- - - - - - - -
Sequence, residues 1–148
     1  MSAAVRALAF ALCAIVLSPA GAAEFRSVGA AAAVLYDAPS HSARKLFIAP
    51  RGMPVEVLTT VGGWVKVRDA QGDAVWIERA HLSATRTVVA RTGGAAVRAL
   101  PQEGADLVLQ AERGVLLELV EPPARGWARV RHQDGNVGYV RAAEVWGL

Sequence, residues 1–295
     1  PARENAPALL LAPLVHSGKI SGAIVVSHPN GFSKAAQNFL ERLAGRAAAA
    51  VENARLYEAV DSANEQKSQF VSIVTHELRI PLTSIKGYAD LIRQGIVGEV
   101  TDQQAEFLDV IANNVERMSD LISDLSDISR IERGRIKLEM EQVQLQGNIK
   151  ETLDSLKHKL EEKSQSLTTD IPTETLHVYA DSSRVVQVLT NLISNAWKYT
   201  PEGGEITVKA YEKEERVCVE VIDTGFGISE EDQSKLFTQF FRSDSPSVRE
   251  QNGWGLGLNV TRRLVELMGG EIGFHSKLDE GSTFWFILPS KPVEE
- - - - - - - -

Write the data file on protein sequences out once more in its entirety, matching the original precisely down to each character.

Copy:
Sequence, residues 1–148
     1  MSAAVRALAF ALCAIVLSPA GAAEFRSVGA AAAVLYDAPS HSARKLFIAP
    51  RGMPVEVLTT VGGWVKVRDA QGDAVWIERA HLSATRTVVA RTGGAAVRAL
   101  PQEGADLVLQ AERGVLLELV EPPARGWARV RHQDGNVGYV RAAEVWGL

Sequence, residues 1–295
     1  PARENAPALL LAPLVHSGKI SGAIVVSHPN GFSKAAQNFL ERLAGRAAAA
    51  VENARLYEAV DSANEQKSQF VSIVTHELRI PLTSIKGYAD LIRQGIVGEV
   101  TDQQAEFLDV IANNVERMSD LISDLSDISR IERGRIKLEM EQVQLQGNIK
   151  ETLDSLKHKL EEKSQSLTTD IPTETLHVYA DSSRVVQVLT NLISNAWKYT
   201  PEGGEITVKA YEKEERVCVE VIDTGFGISE EDQSKLFTQF FRSDSPSVRE
   251  QNGWGLGLNV TRRLVELMGG EIGFHSKLDE GSTFWFILPS KPVEE